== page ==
09:05 Loss of training accreditation at Hospital departments 'unprecedented'.​

The group that represents newly-trained doctors says an unprecedented number of hospital departments have lost their accreditation to train doctors over the past year, a sign that clinical standards generally are being eroded.
Over the last year there have been four instances where training accreditation has either been lost or threatened. The Resident Doctors' Association's National Secretary is Dr Deborah Powell.

09:20 What happens when computers learn to break the law?

Seventy percent of stock trading is now done by computers instead of people. These trading bots use a form of artificial intelligence to analyse trends in the market, scan the world's media for news that might affect stock prices and formulate new trading strategies. All without any need for human intervention. But what happens when the trading bot learns to do something on the stock market that might be illegal? Auckland University law lecturer Benjamin Liu has turned his mind to that question - and the legal implications of other new technologies - in a recent article in the legal magazine LawTalk

09:30 The 'human factor' in disaster mitigation

Deepwater Horizon

Fire crews response crews battle the blazing remnants of the off shore oil rig Deepwater Horizon in the Gulf of Mexico in 2010. Photo: AFP

Professor Patrick Hudson is a psychologist and one of the world's leading authorities on the human factor in the management of safety with nearly 30 years experience in a variety of high-hazard industries. After BP's Deepwater Horizon disaster in the Gulf of Mexico he chaired a new program for Shell on high consequence low probability accidents and appeared as an expert witness on process safety and safety culture in the BP Deepwater Horizon lawsuit in New Orleans. From the Netherlands, Professor Hudson is credited with developing the widely-used 'Swiss cheese model' on why major safety accidents occur and the 'Hudson Ladder' on the levels of workplace safety culture and on the role of leadership in workplace safety. Professor Hudson  is positive about New Zealand's new Health and Safety at Work Act which will come into effect on 4th April 2016, but would like to see the agriculture sector included in the high-risk category.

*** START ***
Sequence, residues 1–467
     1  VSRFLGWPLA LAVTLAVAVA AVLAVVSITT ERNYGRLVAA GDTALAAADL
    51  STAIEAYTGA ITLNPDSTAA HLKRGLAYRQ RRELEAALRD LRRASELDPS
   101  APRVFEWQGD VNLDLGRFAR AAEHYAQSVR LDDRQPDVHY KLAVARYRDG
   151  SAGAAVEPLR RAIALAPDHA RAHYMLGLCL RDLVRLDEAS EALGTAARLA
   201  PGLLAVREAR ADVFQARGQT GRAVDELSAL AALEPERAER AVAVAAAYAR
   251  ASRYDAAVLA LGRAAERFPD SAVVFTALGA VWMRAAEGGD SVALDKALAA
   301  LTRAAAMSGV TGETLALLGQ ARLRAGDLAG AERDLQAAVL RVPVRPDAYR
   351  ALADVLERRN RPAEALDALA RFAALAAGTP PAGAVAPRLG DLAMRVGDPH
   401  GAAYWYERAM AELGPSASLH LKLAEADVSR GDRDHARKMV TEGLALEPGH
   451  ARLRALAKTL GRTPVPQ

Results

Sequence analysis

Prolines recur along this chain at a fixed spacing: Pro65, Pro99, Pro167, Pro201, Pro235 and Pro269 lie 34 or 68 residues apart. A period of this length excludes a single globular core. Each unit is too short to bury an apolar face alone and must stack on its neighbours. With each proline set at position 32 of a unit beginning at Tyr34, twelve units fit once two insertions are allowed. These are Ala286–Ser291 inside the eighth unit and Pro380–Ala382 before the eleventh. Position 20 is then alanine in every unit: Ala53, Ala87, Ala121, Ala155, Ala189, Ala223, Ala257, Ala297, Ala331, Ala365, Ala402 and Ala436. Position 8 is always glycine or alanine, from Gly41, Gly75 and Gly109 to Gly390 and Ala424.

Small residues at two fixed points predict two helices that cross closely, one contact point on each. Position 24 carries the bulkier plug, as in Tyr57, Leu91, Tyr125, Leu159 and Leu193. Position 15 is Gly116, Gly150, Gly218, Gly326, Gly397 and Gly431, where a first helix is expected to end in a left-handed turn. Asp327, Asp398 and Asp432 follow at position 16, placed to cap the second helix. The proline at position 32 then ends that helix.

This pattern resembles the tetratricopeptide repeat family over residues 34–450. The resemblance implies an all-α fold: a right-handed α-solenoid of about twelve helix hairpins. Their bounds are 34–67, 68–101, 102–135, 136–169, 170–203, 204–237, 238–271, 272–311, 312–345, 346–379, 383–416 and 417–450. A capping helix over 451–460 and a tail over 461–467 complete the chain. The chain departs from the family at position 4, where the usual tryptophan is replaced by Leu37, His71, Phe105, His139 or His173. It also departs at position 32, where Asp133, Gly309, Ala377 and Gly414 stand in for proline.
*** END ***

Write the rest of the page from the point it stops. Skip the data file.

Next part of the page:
9:45 Australia correspondent Peter Munro

Peter Munro discusses the baffling murder of a mother and daughter whose bodies were found years after they went missing, in separate states.

10:05  Kaitlin Roig DeBellis, surviving Sandy Hook

Kaitlin Roig-DeBellis

Kaitlin Roig-DeBellis Photo: supplied

US teacher Kaitlin Roig-Debellis survived the Sandy Hook Elementary School massacre in Connecticut. She was in charge of 15 children, aged six and seven the day a gunman opened fire in December 2012. During his rampage, Adam Lanza killed 20 children and 6 adult staff members, before turning the gun on himself. Sandy Hook teacher, Kaitlin Roig Debellis shielded her entire class of 15 pupils by hiding then in a bathroom. She has written about the experience and trying to recover from the trauma, in her memoir, Choosing Hope. She is the founder of  Classes 4 Classes, which has built a social networking tool to help teach children caring, kindness, empathy and consideration.

10:30 NZ Literature Review: Out of the Vaipe, the Deadwater: A Writer's early life by Albert Wendt

Reviewed by Louise O'Brien, co-editor of the quarterly review, New Zealand Books

Published by Bridget Williams

10:45 The Reading

11:05 Marty Duda's artist of the week

Thanks to the 2004 documentary, Dig!, The Brian Jonestown Massacre became one of the most notorious bands of the early 21st century due to the questionable behaviour of bandleader Anton Newcombe who came across as a self-destructive, highly talented jerk. Against all odds, Newcombe is still with us and making, arguably, the best music of his career. The Brian Jonestown Massacre began over 20 years ago with Newcombe’s vision of taking sounds from the psychedelic past, mixing them with Middle Eastern influences and creating something new. As prolific as ever (they released 3 full length albums in 1996) Newcombe seems to finally have his act together, having moved to Berlin and settled down. Their latest work is an EP. Mini Album Thingy Wingy, released to coincide with their New Zealand tour at the beginning of November. It’s the third album Newcombe has released this year.

Artist: The Brian Jonestown Massacre
Song: Anenome (5:00)
Composer: Anton Newcombe
Album: Their Satanic Majesties’ Second Request  (1996)
Label: Tangible

Artist: The Brian Jonestown Massacre
Song: Panic In Babylon (4:38)
Composer: Anton Newcombe
Album: Aufheben  (2012)
Label: A Recordings

Artist: The Brian Jonestown Massacre
Song: Prsi Prsi (4:49)
Composer: Anton Newcombe
Album: Mini Album Thingy Wingy  (2015)
Label: A Recordings

11:20 Sewing cooperative helping low income women build their own businesses

Sew Good was started in Lower Hutt two years ago by the Common Unity Project, which works with the local community on urban farm projects. Organiser, Julia Milne arranged for donated machines, and mentors to pass on sewing skills and pattern making, and a social enterprise was born. Julia Milne and sewer Shelley Rameka talk to Kathryn Ryan about Sew Good.

11:45 Law Commission says changes needed in funeral services sector

The Law Commission has just tabled a report in parliament; Death, Burial and Cremation: A new law for contemporary New Zealand. The review of the current burial and cremation laws suggests some changes are needed, including a better registration system for funeral service providers, and more clarity around the full costs of a funeral and burial or cremation. The lead commissioner Wayne Mapp discusses the recommendations.


Artist:   Fat Freddy’s Drop

Song:  Slings and Arrows


Artist:   Shevelles

Song:   Beat the Clock